Car Insurance for Road Trips
Do you need a special policy to stay insured when driving across state lines?
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How does car insurance work when traveling cross-country?
Your car insurance will follow you into another US state. If you’re taking a cross-country road trip and are worried about your insurance coverage reaching from Texas to California, rest assured — your policy will cover your interstate travel. Read on to learn more about additional considerations, including how shared driving responsibilities should be handled and some potential coverage limitations. Need coverage for an upcoming trip? Enter your ZIP code above to receive customized quotes in under 5 minutes and find the best car insurance for you.
Car insurance for road trips
There is no specific road trip car insurance policy. If you’re planning to share driving responsibilities with someone not covered by your insurance policy, you should check to confirm your policy includes permissive use.
The permissive use clause in car insurance extends coverage to someone unlisted on the policy who uses the vehicle infrequently — fewer than 12 times per year. Permissive use allows you to share driving responsibilities during a road trip.
Many of the best car insurance companies offer a permissive use option. Some smaller insurance companies offer permissive use with certain restrictions. Check your policy information before your interstate journey!
Auto insurance for traveling to different states: state minimum coverage levels
Car insurance is regulated at the state level, so every state writes and administers its own insurance requirements. For example, below are the minimum required insurance levels in a few popular destination states (Florida and California) and their neighbors. If you aren't sure what your state requires for minimum auto insurance coverage, we have information listed for each state that may be helpful as you evaluate your current coverage.
Luckily, if you travel into a state with higher required insurance minimums than yours, your limits will automatically increase to meet the requirements. For example, your California limits would increase to $25K/$50K/$20K if you were to travel to Oregon.
Your liability insurance will not decrease if you travel to another state with lower limits.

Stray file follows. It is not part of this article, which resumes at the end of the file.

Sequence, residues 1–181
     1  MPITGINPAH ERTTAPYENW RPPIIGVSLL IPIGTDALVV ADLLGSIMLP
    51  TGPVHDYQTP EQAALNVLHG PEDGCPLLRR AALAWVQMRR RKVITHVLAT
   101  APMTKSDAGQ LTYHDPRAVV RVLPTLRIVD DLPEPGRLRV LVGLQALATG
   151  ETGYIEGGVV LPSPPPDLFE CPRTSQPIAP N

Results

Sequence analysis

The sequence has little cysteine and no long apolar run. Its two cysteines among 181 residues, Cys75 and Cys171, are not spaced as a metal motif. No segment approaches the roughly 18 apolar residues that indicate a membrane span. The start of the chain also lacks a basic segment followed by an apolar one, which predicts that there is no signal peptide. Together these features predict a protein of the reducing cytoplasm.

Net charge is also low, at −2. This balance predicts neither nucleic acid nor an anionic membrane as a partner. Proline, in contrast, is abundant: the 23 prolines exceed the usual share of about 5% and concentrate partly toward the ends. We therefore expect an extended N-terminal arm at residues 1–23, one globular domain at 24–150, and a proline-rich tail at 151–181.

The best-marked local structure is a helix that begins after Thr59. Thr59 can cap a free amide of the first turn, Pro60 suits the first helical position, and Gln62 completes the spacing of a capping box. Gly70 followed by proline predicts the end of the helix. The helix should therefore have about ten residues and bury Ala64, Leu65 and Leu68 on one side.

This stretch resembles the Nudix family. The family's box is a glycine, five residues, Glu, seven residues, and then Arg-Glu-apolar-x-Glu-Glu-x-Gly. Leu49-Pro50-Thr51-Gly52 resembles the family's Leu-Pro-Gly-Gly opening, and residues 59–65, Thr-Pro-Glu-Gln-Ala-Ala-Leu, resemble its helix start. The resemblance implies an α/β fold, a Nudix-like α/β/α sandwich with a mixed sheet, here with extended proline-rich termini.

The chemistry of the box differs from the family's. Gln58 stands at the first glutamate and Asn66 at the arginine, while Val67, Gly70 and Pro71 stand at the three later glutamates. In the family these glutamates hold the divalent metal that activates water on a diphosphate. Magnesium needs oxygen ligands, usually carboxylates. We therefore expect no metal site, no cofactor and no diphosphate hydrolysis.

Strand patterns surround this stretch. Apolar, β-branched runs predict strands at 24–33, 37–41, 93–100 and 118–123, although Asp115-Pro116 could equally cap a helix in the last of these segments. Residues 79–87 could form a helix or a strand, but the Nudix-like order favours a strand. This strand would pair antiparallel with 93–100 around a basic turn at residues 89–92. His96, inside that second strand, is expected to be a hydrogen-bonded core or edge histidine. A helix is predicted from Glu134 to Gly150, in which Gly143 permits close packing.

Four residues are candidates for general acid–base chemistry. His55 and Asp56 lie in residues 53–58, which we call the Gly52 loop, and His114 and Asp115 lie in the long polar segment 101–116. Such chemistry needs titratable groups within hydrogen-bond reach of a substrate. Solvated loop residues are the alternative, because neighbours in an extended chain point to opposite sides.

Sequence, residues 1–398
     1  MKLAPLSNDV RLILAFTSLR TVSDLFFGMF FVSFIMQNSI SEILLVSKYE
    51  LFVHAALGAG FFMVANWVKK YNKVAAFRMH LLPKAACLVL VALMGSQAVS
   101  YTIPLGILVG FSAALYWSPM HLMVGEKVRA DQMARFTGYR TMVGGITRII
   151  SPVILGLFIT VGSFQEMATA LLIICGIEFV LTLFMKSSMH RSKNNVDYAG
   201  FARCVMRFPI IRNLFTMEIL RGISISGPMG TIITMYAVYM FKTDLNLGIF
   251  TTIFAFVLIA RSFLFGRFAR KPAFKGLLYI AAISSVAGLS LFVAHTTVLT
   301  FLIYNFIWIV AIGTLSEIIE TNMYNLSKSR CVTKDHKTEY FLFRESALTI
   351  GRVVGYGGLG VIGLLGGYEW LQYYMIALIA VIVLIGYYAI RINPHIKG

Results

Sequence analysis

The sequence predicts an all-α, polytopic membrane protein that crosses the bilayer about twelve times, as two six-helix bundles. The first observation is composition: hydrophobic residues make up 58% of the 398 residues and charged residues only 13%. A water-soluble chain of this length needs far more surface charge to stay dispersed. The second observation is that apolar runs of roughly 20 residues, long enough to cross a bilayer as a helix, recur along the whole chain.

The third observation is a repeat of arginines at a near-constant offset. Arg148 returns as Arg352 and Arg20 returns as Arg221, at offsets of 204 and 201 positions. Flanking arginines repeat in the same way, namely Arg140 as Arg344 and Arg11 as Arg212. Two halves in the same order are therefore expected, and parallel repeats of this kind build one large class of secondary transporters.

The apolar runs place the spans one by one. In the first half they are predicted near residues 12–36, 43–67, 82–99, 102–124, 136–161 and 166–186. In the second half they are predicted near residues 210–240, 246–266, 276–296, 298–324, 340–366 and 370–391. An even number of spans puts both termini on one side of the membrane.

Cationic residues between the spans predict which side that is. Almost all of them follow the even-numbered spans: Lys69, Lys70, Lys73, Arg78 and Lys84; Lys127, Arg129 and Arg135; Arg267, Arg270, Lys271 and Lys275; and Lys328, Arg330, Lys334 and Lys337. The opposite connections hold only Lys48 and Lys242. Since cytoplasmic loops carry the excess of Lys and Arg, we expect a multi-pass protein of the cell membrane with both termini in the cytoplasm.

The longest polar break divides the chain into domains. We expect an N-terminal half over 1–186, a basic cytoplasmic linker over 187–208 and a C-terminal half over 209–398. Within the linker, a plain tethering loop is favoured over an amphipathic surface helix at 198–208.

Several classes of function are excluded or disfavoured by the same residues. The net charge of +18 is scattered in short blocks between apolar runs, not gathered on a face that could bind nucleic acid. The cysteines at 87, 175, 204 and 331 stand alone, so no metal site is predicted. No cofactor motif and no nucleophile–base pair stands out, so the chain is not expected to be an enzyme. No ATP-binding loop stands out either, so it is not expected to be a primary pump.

|State||Bodily Injury||Property Damage||Uninsured motorist BI||Uninsured motorist PD||Personal Injury Protection|
|California||$15,000 per person/$30,000 per accident||$5,000 per accident||None||None||None|
|Oregon||$25,000 per person/$50,00 per accident||$20,000 per accident||$25,000 per person/ $50,000 per accident||None||$15,000|
|Florida||None||$10,000 per accident||None||None||$10,000|
|Georgia||$25,000 per person/$50,00 per accident||$25,000 per accident||None||None||None|
What if I plan to rent a vehicle for my road trip?
There are a variety of situations where renting a vehicle might make more sense than driving your own, such as taking your whole family, plus your kids' best friends, to Disney World. Your daily driver may not be the most efficient vehicle for eight people to travel through six states together.
Thankfully, your car insurance policy allows you to drive through other states in the US without changing insurance coverage at every state line. And typically, your coverage will apply to rental vehicles here in the US. However, it's important to know what your policy limits are, and it may provide more peace of mind if you have additional liability coverage, for example.
When it comes to rental car insurance most companies offer insurance options that make obtaining additional coverage very convenient. You can usually opt in for this coverage either when you reserve the vehicle, or when you pick it up. Also, check with your credit card company to see what kind of rental car insurance they may offer to customers. It's also a good idea to communicate with your insurance agent ahead of your trip just to make sure you understand the coverage you currently have. Take look at our rental car insurance information for a more detailed explanation on this topic.
There is not a lot to consider when planning a cross-country road trip in terms of your car insurance, but be aware of your current coverage and contact your insurance company if you have questions. If you’re worried about your vehicle’s capabilities on the open road, consider adding roadside assistance coverage. If someone not listed on the policy will be driving, add permissive use to your policy. For additional insight, check out our pages on non-owner car insurance, temporary car insurance, and uninsured motorist coverage.
Want permissive use? Enter your zip code to see rates.
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About The Zebra
The Zebra is not an insurance company. We publish data-backed, expert-reviewed resources to help consumers make more informed insurance decisions.
- The Zebra’s insurance content is written and reviewed for accuracy by licensed insurance agents.
- The Zebra’s insurance content is not subject to review or alteration by insurance companies or partners.
- The Zebra’s editorial team operates independently of the company’s partnerships and commercialization interests, publishing unbiased information for consumer benefit.
- The auto insurance rates published on The Zebra’s pages are based on a comprehensive analysis of car insurance pricing data, evaluating more than 83 million insurance rates from across the United States.